Archive for November 13th, 2010


On this date in 1967, Carl B. Stokes was sworn in as the Mayor of Cleveland, making him the first African-American mayor of Cleveland and, according to some, a major United States city. (I have not been able to find anything that clarified what qualifies as a “major” city , as he was not the first black mayor in the U.S.) A native Clevelander, Stokes was raised by his mother after his father passed away when he was still a toddler. After serving in the U.S. Army, Stokes earned a bachelor’s degree from the University of Minnesota and a law degree from the Cleveland-Marshall School of Law. He became a lawyer and embarked on a political career, serving in the Ohio House of Representatives before he won election as Cleveland’s mayor.

Stokes’ time as mayor reflected the unrest common in much of the country. His accomplishments included raising the city income tax, passage of the Equal Opportunity Ordinance, improvement of sewage treatment facilities, and increased city funding of education, public welfare, and public safety. He initiated a program called “Cleveland: Now!” to fund a rehabilitation of Cleveland. Unfortunately, that program ultimately served as a detriment, when the leaders of the Glenville Shootout were revealed to have misused funding from the program to purchase firearms.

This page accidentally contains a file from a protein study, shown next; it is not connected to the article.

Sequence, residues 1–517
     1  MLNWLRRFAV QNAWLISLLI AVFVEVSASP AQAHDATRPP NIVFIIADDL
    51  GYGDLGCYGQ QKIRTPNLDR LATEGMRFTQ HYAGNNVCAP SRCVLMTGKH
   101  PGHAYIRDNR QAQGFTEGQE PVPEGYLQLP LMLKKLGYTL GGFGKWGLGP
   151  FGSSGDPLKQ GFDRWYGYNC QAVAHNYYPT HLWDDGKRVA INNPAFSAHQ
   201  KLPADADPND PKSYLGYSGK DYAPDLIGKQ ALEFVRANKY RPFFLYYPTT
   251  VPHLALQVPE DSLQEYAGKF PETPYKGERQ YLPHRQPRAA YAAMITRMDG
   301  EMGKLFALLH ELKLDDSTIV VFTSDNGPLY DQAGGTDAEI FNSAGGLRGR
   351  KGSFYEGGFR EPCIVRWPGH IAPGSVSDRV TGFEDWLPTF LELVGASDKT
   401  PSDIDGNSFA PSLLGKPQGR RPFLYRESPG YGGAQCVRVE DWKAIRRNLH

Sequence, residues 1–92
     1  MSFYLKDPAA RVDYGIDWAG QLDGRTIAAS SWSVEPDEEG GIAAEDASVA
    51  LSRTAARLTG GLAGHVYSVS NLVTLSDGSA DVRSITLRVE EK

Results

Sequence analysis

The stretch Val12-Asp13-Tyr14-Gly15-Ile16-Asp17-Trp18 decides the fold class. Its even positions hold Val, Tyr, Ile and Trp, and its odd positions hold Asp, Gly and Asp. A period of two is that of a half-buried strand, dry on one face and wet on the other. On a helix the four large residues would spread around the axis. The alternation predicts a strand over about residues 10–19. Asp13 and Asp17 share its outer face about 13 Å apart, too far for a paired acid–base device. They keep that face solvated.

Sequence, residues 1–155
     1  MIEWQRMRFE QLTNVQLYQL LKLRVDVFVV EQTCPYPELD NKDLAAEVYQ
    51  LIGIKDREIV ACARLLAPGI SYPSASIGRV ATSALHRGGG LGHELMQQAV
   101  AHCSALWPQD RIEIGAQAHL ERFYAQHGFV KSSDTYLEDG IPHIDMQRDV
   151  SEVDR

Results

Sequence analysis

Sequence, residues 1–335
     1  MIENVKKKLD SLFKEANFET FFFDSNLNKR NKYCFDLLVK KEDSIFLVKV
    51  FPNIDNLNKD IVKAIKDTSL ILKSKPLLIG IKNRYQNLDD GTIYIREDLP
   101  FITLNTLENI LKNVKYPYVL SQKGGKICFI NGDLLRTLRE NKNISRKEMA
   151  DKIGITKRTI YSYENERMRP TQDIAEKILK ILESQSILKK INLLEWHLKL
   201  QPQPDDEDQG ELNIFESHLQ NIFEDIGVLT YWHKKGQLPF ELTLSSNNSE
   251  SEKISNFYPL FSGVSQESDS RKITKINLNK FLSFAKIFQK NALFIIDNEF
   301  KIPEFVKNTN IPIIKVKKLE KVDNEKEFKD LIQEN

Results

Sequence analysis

After his time in office, Stokes became a news anchorman in New York City and then returned to Cleveland to serve as a judge from 1983-1994. President Bill Clinton appointed Stokes as ambassador to Seychelles. In 1996, Stokes succumbed to cancer of the esophagus. He is buried in Lake View Cemetery near the pond behind Wade Chapel. Cleveland has honored their son by naming the Federal Court building downtown for him.

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